by Alan Hess
The PLF blog will feature a series of posts exploring modernist sites and efforts to preserve them. Join our top-notch blog contributors as they take you from Tucson’s Sunshine Mile to Googie coffee shops. We think you will enjoy the journey.
Before you can preserve a building, you have to be able to see it.
In Modern architecture, though, there are a lot of examples we have trouble seeing. Modernism (that explosion of experiment in the 20th century that dramatically changed the materials and shapes of buildings) generated dozens of variations and ideas during a period of economic and population growth. So far we have focused mostly on a narrow portion of them: the flat-roofed, steel and glass boxes. But what about the curves of a house by John Lautner? The pyramids of William Pereira? The slanting shed roofs of Sea Ranch by Moore/Lyndon/Turnbull/Whitaker? The interlocking spaces in a Paul Rudolph building? The shimmering pavilions of Minoru Yamasaki?
To one degree or another, these buildings were not seen for many years, even though they were there. It took a conscious effort to see them, to understand them—and to bring them back into our awareness as part of our heritage.
How do buildings become invisible? There are many ways: they don't fit the conventional definition of Modernism; the reputation of their architects has fallen off the radar screen; they were the buildings of common everyday life, rather than the exquisite palaces of noted museums, major corporations, or famous fashionistas.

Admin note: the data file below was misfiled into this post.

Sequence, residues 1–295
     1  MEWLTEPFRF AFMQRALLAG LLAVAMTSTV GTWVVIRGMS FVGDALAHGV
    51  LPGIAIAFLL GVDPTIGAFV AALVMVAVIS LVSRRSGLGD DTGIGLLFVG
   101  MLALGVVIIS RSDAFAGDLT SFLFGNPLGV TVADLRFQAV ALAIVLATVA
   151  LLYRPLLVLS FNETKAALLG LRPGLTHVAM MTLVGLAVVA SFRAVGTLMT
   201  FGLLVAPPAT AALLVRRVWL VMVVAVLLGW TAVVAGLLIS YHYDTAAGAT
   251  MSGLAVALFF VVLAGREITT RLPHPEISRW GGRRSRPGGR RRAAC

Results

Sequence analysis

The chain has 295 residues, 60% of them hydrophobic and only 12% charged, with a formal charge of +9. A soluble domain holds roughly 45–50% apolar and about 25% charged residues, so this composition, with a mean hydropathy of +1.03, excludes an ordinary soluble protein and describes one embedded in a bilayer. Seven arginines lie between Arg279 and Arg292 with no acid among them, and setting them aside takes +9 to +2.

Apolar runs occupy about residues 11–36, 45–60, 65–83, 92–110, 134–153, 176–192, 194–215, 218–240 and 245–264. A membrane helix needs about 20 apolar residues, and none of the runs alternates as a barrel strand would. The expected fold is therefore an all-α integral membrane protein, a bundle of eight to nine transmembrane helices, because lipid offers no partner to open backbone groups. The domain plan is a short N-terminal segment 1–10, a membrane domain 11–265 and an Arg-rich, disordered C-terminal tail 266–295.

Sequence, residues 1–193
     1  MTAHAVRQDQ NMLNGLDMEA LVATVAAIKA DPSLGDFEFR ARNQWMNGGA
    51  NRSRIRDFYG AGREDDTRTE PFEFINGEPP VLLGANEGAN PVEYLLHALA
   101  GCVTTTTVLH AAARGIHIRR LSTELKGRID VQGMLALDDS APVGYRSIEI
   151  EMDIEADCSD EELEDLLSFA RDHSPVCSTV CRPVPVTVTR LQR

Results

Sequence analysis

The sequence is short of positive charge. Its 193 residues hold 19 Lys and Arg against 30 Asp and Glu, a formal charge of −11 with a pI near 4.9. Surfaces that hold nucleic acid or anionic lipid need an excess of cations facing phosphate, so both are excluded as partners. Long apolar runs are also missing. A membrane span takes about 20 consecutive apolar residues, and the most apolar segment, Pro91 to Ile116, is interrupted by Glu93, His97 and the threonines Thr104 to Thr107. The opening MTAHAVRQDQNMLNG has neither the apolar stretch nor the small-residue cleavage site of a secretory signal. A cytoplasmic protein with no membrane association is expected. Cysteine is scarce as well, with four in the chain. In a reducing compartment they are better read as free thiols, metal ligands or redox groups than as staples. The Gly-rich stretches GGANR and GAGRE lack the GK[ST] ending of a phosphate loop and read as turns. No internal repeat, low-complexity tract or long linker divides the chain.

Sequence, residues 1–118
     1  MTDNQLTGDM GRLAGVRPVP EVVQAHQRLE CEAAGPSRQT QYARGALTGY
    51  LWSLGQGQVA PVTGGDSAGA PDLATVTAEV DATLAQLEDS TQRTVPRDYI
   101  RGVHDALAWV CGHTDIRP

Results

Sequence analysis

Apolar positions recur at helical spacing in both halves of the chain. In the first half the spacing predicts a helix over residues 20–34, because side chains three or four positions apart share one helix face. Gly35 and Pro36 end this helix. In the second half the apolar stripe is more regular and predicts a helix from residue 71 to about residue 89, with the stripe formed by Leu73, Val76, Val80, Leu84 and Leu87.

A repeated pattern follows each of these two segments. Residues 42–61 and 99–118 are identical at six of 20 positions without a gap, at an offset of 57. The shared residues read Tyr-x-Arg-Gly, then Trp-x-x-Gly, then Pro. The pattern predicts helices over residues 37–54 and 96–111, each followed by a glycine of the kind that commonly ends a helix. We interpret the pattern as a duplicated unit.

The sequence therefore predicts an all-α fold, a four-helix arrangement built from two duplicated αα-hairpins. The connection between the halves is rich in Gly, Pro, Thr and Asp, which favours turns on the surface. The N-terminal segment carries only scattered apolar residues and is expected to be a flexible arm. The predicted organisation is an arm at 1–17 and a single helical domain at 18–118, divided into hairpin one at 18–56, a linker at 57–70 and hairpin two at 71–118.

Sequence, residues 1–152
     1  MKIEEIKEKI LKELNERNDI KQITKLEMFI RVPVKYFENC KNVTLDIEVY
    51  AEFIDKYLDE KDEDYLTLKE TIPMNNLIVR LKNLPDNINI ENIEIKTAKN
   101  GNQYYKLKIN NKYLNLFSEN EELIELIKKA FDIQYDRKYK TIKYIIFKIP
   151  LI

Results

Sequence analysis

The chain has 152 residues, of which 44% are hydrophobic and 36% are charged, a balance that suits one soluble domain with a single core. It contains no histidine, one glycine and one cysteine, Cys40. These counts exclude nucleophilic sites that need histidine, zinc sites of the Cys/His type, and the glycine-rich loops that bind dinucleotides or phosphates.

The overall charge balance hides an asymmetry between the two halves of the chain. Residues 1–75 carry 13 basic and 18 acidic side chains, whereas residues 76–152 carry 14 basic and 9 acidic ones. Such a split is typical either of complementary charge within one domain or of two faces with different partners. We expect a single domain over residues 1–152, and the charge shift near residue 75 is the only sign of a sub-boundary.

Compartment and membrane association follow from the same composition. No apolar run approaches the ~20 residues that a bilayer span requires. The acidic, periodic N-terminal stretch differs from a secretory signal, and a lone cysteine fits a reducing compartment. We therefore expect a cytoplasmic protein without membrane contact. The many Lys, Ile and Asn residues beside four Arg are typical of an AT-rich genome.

Let's take a closer look at one of these unseen building types: the Googie coffee shop. It's gone full circle; we can now trace its path from notoriety to invisibility, and back to awareness and even successful preservation.
We'll take one example, Johnie's Coffee Shop at Wilshire and Fairfax in Los Angeles, designed in 1955 by architects Armet and Davis. Last year it surmounted all odds to become an official Los Angeles city landmark.
If it's daytime, the first thing you notice about Johnie's is its enormous asymmetrical butterfly roof. Its ends turn down as a sunshade to screen the sidewalk-to-ceiling glass walls that enclose two sides of the restaurant. If it's nighttime, the first thing you notice is its brilliant, jaunty neon sign, integral with the roof.
Buildings this angular, bold, glassy, and bright were clearly Modern, but they did not fit into any conventional category when they began to appear on the nation's streets after World War II. A word had to be invented to describe them; editor Douglas Haskell of House and Home magazine anointed them as Googie in 1952, named after a coffee shop with that name on the Sunset Strip by John Lautner.
The word worked. This type of building became visible. But not for long.
Yet the public flocked to Johnie's and other similar coffee shops that spread nationwide for all the right reasons: decent food at a good price, yes, but also for its design and planning, the convenience of the location on major thoroughfares, the ease of access from the parking lot, the spacious light-filled patio-like seating areas, the liveliness of the social setting, the excitement of progressive design in tune with its times. As American cities stretched and grew into suburban metropolises, Googie was a new architecture that suited it well.